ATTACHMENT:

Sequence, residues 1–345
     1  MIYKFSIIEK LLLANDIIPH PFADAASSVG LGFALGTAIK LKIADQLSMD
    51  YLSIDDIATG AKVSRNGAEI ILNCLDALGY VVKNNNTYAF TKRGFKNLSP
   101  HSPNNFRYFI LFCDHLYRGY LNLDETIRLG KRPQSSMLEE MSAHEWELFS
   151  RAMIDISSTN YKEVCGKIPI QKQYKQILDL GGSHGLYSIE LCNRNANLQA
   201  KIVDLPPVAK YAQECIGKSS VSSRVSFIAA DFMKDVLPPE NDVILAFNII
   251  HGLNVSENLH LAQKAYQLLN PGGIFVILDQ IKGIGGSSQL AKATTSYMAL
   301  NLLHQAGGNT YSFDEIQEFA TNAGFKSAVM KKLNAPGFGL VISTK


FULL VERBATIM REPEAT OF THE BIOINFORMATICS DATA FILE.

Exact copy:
Sequence, residues 1–345
     1  MIYKFSIIEK LLLANDIIPH PFADAASSVG LGFALGTAIK LKIADQLSMD
    51  YLSIDDIATG AKVSRNGAEI ILNCLDALGY VVKNNNTYAF TKRGFKNLSP
   101  HSPNNFRYFI LFCDHLYRGY LNLDETIRLG KRPQSSMLEE MSAHEWELFS
   151  RAMIDISSTN YKEVCGKIPI QKQYKQILDL GGSHGLYSIE LCNRNANLQA
   201  KIVDLPPVAK YAQECIGKSS VSSRVSFIAA DFMKDVLPPE NDVILAFNII
   251  HGLNVSENLH LAQKAYQLLN PGGIFVILDQ IKGIGGSSQL AKATTSYMAL
   301  NLLHQAGGNT YSFDEIQEFA TNAGFKSAVM KKLNAPGFGL VISTK